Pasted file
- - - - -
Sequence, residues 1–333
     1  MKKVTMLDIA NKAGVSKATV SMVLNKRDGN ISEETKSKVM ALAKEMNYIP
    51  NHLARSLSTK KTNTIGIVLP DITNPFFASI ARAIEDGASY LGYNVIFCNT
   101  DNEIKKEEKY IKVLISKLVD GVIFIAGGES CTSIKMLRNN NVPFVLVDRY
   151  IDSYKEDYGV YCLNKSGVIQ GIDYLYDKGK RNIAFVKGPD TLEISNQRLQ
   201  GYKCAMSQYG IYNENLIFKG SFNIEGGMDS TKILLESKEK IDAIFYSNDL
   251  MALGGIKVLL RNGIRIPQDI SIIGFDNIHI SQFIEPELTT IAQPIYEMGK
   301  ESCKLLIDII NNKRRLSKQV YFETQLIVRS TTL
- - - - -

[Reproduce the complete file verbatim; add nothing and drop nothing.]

Sequence, residues 1–333
     1  MKKVTMLDIA NKAGVSKATV SMVLNKRDGN ISEETKSKVM ALAKEMNYIP
    51  NHLARSLSTK KTNTIGIVLP DITNPFFASI ARAIEDGASY LGYNVIFCNT
   101  DNEIKKEEKY IKVLISKLVD GVIFIAGGES CTSIKMLRNN NVPFVLVDRY
   151  IDSYKEDYGV YCLNKSGVIQ GIDYLYDKGK RNIAFVKGPD TLEISNQRLQ
   201  GYKCAMSQYG IYNENLIFKG SFNIEGGMDS TKILLESKEK IDAIFYSNDL
   251  MALGGIKVLL RNGIRIPQDI SIIGFDNIHI SQFIEPELTT IAQPIYEMGK
   301  ESCKLLIDII NNKRRLSKQV YFETQLIVRS TTL